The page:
Paul Russo's wife just died. While trying to get his family's life back in order, Paul is being tormented by a demon who is holding his wife's spirit hostage on the other side. His fate is intertwined with an old haunted mansion on the north shore of Long Island called Stillwell Manor. Paul must find clues dating back hundreds of years to set his wife's soul free.
©2013 Michael Phillip Cash (P)2013 Michael Phillip Cash
When I read the product description for Stillwell: A Haunting on Long Island, I wasn’t sure if this would turn out to be a ghost story or a love story. Since I enjoy both, I decided to give it a try. The author wrote a beautifully haunting tale of love, loss, grief and acceptance.
I received a free copy of this book from the publisher via NetGalley in exchange for my unbiased review. I enjoyed the book so much that I purchased the audio-book version .
I really enjoyed the narrator. Dan McGowan did a remarkable job!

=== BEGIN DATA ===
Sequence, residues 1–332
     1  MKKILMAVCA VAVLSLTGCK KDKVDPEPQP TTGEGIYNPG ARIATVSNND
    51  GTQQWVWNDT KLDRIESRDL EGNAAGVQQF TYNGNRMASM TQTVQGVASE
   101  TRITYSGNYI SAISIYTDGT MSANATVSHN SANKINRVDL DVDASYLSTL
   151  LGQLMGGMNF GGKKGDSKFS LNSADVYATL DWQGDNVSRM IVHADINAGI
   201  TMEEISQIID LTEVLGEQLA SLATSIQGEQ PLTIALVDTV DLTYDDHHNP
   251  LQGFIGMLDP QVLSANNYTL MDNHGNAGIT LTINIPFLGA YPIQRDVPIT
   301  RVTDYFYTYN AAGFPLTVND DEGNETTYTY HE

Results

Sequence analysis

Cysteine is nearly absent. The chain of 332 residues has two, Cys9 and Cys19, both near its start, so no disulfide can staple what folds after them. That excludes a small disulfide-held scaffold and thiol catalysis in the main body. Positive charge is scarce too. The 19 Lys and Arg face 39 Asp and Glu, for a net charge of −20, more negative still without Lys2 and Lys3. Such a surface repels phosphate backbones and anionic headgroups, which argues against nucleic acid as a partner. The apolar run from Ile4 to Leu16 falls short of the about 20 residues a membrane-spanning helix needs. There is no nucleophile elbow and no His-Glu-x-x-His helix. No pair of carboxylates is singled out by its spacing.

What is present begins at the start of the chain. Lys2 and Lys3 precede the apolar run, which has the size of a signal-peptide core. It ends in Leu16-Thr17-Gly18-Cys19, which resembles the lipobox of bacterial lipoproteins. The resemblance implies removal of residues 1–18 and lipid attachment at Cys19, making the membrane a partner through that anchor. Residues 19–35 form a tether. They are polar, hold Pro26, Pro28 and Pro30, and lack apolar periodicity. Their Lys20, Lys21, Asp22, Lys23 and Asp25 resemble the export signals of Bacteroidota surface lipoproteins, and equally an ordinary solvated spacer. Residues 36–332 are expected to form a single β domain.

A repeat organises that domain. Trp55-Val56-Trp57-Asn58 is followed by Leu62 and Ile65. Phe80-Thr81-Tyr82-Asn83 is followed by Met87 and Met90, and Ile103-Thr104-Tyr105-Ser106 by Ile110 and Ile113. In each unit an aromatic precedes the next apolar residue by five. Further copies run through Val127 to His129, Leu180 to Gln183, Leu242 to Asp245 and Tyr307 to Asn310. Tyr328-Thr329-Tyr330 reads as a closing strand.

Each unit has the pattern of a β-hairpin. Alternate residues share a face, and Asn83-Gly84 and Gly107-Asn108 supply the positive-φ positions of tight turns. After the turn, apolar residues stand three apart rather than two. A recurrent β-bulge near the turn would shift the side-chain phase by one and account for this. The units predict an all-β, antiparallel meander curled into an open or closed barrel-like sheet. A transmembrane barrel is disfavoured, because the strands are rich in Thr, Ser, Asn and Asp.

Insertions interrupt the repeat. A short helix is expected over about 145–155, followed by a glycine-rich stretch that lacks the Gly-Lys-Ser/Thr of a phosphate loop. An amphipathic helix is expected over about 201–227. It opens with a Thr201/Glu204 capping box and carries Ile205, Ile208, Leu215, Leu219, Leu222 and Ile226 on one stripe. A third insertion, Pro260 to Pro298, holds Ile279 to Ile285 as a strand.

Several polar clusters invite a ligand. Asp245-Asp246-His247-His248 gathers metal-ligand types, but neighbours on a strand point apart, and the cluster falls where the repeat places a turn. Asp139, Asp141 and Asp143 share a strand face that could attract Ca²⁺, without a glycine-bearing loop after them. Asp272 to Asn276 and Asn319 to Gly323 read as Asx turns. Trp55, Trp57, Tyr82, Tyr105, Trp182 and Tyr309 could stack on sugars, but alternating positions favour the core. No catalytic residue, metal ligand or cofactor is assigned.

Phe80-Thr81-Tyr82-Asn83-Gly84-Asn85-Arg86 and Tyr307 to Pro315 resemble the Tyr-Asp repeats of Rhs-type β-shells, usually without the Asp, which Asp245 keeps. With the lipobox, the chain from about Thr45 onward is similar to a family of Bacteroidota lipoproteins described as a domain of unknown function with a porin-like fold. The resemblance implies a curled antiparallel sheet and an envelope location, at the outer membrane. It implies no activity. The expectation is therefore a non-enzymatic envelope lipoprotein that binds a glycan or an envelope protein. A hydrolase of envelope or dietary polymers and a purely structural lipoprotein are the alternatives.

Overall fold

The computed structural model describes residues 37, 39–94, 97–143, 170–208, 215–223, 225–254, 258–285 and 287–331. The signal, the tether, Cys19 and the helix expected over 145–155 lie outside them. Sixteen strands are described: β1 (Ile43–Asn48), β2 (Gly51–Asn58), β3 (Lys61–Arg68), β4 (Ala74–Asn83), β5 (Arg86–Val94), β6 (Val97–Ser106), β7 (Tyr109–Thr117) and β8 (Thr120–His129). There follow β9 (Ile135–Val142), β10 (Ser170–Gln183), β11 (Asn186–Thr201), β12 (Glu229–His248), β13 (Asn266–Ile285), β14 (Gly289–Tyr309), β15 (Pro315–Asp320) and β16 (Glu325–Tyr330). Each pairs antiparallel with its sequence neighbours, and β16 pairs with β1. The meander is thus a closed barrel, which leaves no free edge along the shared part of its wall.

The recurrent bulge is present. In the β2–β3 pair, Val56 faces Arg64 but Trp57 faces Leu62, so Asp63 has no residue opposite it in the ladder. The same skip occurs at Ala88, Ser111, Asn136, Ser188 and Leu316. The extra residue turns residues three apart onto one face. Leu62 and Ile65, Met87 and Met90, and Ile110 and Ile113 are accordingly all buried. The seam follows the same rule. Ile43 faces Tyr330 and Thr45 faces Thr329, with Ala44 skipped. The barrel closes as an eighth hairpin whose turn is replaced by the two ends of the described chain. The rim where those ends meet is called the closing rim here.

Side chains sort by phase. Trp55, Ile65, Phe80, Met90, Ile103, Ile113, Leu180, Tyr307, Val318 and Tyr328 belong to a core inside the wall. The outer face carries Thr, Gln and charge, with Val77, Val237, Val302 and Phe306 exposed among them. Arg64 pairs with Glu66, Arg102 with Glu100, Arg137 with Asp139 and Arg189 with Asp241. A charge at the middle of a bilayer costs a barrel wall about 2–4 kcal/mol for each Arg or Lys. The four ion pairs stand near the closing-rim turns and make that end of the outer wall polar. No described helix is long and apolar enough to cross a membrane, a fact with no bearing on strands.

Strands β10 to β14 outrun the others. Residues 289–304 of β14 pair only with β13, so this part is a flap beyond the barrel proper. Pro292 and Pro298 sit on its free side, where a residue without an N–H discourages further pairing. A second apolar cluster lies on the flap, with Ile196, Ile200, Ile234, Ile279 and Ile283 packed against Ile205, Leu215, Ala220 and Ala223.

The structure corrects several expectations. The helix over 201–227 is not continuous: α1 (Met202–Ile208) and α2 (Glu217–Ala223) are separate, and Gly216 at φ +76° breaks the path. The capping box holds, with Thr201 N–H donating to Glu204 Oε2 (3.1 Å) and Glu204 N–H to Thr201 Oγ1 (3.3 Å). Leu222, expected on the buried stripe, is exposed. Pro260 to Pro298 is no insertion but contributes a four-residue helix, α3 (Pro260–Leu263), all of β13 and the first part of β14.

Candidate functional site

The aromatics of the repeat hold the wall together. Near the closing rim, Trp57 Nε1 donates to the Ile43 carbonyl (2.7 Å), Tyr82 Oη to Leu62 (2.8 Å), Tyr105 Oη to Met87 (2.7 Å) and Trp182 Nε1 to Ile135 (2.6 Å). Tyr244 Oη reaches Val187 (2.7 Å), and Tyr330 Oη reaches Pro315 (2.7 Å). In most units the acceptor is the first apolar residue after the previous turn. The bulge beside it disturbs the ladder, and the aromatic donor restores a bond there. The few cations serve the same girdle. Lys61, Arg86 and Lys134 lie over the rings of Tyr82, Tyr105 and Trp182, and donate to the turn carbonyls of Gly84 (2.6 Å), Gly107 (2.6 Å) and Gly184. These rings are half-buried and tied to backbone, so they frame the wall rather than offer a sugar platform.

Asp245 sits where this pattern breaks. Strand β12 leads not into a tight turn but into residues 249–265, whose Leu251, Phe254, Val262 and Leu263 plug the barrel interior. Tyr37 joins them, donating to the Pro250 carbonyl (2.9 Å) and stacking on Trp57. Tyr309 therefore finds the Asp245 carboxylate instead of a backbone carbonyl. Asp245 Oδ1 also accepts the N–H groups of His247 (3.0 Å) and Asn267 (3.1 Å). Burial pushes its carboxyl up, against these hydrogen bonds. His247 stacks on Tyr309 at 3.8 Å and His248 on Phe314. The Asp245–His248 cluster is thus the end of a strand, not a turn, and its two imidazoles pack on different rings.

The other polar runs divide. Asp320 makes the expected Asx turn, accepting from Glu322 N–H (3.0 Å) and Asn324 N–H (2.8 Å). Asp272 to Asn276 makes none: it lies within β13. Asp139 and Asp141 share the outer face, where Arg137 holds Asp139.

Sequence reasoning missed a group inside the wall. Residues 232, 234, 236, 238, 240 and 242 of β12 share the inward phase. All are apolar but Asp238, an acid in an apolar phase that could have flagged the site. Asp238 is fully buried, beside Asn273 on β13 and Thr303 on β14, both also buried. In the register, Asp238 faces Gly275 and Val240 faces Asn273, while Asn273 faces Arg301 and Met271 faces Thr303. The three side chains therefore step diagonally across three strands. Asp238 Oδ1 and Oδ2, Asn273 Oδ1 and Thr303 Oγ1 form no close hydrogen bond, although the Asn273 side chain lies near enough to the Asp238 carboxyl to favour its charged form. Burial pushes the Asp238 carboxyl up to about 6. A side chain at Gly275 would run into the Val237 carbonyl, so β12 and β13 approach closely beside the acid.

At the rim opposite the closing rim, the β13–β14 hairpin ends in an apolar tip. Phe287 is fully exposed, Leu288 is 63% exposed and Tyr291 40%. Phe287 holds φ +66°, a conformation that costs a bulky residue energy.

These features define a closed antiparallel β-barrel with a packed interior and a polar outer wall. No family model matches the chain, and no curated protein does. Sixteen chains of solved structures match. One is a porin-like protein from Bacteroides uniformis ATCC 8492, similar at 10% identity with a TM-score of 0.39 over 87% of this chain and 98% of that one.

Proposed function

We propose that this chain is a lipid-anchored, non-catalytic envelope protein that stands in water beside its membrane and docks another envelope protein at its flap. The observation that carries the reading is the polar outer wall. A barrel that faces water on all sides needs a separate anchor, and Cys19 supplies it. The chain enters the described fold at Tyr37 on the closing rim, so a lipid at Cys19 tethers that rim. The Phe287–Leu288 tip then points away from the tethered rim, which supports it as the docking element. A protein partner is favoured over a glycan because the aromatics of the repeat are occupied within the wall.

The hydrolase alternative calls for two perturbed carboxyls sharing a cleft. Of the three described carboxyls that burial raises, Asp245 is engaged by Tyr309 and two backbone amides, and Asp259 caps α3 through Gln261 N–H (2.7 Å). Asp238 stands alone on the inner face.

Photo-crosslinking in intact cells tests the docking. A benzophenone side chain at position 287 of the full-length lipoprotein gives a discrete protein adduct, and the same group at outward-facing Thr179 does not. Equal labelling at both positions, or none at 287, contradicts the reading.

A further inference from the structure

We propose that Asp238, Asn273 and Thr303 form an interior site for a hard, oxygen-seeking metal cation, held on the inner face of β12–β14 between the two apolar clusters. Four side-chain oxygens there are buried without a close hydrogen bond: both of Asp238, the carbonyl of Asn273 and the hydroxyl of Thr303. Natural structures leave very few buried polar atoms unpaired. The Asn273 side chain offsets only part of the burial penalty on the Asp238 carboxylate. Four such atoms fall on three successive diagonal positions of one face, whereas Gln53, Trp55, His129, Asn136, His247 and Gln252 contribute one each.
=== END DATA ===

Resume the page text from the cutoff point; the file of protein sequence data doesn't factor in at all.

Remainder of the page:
I'd heard this book advertised on the radio and then read a few reviews on amazon touting its fresh approach to an oft visited subject matter. All I can say is this book had very unrealized potential. One particular thing I really disliked (besides the epilogue - if you do listen, do the math on that one) was the way the main character kept revisiting the relevant location. I suppose the author intended him to just be "inexplicably being drawn" but it didn't translate. None of his reasons ever made sense. Just not plausible, even for a ghost story.
This story needed much deeper character development than what was given. It's as if the author came up with a pretty decent and fairly original outline, but then lost the originality when connecting those plot points and instead relied on a checklist of shallow and clichéd filler. I don't even mind a cliché if it's used in a clever way to drive the plot. Instead it became pretty predictable, and the filler never resolved to anything unique in its own right, so it didn't make sense to the story. So much so that by the end and the big plot twist reveal, which was fairly interesting, the impact was lost for me. Again, lots of potential, just unrealized for me.
It was fine if it was intended to just be read to me, but I suppose I've been spoiled by narrators who create personas/voices for each character and act it out. One couldn't really grasp what the character was feeling until the statement was followed by "he screamed" or "she cried", which made it more difficult to connect with already flat characters.
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